Record Display for the EPA National Library Catalog

RECORD NUMBER: 108 OF 329

OLS Field Name OLS Field Data
Main Title Effects of climate change on aquatic invasive species and implications for management and research [electronic resource].
CORP Author Environmental Protection Agency, Washington, DC. National Center for Environmental Assessment.
Publisher National Center for Environmental Assessment, Office of Research and Development, U.S. Environmental Protection Agency,
Year Published 2008
Report Number EPA/600/R-08/014
Stock Number PB2008-109425
OCLC Number 228416052
Subjects Introduced organisms. ; Marine biological invasions. ; Nonindigenous pests. ; Climatic changes--Environmental aspects.
Additional Subjects Climate change ; Land use change ; Ecosystem alterations ; Aquatic invasive species ; Management activities ; State level ; Management plans
Internet Access
Description Access URL
http://purl.access.gpo.gov/GPO/LPS114958
http://oaspub.epa.gov/eims/eimsapi.dispdetail?deid=188305
http://utils.louislibraries.org/cgi-bin/lz0050.x?sitecode=LAVW?http://purl.access.gpo.gov/GPO/LPS114958
https://archive.org/details/effectsofclimate00nati
https://openlibrary.org/books/OL24046898M
http://purl.access.gpo.gov/GPO/LPS114958"; target="_blank
Holdings
Library Call Number Additional Info Location Last
Modified
Checkout
Status
ELDD  EPA/600/R-08/014 NHEERL/MED Library/Duluth,MN 05/11/2009
EMAD  EPA 600/R-08/014 Region 6 Library/Dallas,TX 09/28/2009
EOBD  EPA 600/R-08/014 NEIC Library/Denver,CO 05/18/2009
NTIS  PB2008-109425 Most EPA libraries have a fiche copy filed under the call number shown. Check with individual libraries about paper copy. NTIS 10/16/2009
Collation 1 electronic text ([337] p.) : HTML, digital, PDF file.
Abstract
Global change stressors, including climate change and variability and changes in land use, are major drivers of ecosystem alterations. Invasive species, which are non-native species that cause environmental or economic damages or human-health impacts, also contribute to ecosystem changes. The interactions between stressors and invasive species, although not well understood, may exacerbate the impacts of climate change on ecosystems, and likewise, climate change may enable further invasions. This report reviews available literature on climate-change effects on aquatic invasive species (AIS) and examines state-level AIS management activities. Data on management activities came from publicly available information, was analyzed with respect to climate-change effects, and was reviewed by managers. This report also analyzes state and regional AIS management plans to determine their capacity to incorporate information on changing conditions generally, and climate change specifically. Although there is no mandate that directs states to consider climate change in AIS management plans, state managers can consider predicted effects of climate change on prevention, control, and eradication in order to manage natural resources effectively under changing climatic conditions. Further scientific research and data collection are needed in order to equip managers with the tools and information necessary to conduct effective AIS management in the face of climate change.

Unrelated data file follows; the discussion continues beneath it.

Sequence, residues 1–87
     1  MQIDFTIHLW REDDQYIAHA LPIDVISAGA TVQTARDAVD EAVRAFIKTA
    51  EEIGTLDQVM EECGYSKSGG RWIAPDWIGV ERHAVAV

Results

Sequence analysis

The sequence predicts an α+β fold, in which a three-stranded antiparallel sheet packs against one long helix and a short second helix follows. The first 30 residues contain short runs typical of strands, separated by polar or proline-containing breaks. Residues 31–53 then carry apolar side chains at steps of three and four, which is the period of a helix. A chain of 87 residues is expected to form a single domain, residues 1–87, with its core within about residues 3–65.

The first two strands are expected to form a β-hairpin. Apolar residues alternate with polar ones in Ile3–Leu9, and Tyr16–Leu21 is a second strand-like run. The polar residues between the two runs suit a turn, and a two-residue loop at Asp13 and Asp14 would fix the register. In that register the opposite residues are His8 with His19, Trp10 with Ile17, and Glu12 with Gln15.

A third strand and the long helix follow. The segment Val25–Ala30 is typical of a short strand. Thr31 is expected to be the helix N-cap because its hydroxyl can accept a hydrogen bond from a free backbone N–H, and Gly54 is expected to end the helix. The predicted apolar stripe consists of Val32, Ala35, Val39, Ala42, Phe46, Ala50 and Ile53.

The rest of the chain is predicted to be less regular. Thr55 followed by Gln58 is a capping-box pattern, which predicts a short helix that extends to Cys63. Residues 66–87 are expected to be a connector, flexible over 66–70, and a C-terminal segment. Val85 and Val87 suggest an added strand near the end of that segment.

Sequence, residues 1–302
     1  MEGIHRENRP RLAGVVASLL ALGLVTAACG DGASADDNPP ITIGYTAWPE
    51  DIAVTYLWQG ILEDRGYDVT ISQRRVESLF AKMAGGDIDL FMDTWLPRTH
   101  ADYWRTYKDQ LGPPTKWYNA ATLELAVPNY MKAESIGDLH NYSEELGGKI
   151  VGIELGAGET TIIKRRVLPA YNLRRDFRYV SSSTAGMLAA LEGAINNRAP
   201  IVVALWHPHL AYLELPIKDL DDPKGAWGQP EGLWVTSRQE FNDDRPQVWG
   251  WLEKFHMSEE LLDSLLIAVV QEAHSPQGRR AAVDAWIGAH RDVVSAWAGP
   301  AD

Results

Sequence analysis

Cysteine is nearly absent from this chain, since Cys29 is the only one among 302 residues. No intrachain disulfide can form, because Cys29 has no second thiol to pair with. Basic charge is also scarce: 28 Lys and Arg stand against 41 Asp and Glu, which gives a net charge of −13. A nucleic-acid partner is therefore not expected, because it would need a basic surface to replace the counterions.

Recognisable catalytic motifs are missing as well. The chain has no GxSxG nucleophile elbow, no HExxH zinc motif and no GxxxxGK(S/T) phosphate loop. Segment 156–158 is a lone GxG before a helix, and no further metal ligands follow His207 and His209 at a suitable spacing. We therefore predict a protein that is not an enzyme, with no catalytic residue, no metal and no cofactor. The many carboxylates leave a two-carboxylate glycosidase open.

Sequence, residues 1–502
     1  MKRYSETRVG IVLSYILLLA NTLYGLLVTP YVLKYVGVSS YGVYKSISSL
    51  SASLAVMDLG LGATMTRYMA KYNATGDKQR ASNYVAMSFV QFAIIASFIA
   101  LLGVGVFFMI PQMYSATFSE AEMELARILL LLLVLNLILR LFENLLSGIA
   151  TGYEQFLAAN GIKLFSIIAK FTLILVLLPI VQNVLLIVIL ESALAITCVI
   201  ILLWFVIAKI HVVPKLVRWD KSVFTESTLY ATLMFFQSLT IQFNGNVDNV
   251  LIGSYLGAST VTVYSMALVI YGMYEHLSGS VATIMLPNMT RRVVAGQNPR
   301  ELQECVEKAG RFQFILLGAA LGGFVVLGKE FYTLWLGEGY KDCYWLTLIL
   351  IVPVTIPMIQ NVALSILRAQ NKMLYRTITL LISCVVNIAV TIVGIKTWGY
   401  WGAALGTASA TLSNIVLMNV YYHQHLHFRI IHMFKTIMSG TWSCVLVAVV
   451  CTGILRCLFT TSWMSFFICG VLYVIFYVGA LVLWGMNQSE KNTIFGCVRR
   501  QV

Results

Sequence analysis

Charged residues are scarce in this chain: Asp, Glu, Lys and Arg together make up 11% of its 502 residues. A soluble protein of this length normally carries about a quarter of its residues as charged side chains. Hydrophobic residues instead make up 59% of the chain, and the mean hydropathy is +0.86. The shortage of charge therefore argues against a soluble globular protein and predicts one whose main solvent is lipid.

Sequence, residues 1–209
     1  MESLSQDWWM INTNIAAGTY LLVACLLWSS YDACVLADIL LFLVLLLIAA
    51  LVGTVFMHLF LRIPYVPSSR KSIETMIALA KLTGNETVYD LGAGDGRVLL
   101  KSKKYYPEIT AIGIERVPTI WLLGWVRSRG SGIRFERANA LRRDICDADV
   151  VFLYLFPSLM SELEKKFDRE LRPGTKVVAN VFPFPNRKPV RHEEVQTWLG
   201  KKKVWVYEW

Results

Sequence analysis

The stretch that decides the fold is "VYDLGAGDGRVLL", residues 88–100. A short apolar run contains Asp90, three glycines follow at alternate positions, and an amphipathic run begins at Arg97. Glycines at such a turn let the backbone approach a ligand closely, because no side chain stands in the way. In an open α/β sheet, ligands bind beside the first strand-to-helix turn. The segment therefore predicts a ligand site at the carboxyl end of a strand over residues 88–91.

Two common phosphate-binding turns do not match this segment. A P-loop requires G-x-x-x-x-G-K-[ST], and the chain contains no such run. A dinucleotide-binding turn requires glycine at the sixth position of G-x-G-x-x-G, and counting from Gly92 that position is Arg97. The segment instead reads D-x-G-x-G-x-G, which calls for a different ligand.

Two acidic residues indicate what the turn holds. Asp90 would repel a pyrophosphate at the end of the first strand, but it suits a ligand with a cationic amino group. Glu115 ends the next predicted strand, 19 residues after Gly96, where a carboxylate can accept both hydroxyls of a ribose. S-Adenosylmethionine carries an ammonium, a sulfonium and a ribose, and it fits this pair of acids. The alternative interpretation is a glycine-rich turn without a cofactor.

Notes
Title from title screen (viewed May 20, 2008). "EPA/600/R-08/014." "February 2008."
Contents Notes
This report reviews available literature on climate-change effects on aquatic invasive species (AIS) and examines state-level AIS management activities. Data on management activities came from publicly available information, was analyzed with respect to climate-change effects, and was reviewed by managers. ... also analyzes state and regional AIS management plans to determine their capacity to incorporate information on changing conditions generally, and climate change specifically. Invasive species are one of the leading causes of degraded ecological condition and ecosystem services, and climate change has the potential to interact with this stress or through multiple mechanisms. OW and OPPTS are concerned with aquatic invasive species (AIS) in multiple arenas, including ballast water and NPDES permits, TMDLs and impaired waters, economic consequences, and pesticide usage for control. AIS are also used as biological indicators to measure ecosystem condition. It assesses the state of the science of climate change effects on AIS and examines state level AIS management activities. Part of the assessment focuses on AIS management plans to determine their capacity to incorporate information on changing environmental conditions generally, and climate change specifically. It concludes that further scientific research and data collection are needed in order to equip managers with the tools and information necessary to conduct effective AIS management in the context of climatic change. It is intended for managers and scientists working with AIS to provide them with information on the potential effects of climate change on AIS, strategies for adapting their management to accommodate these environmental changes, and highlight further research needs and gaps.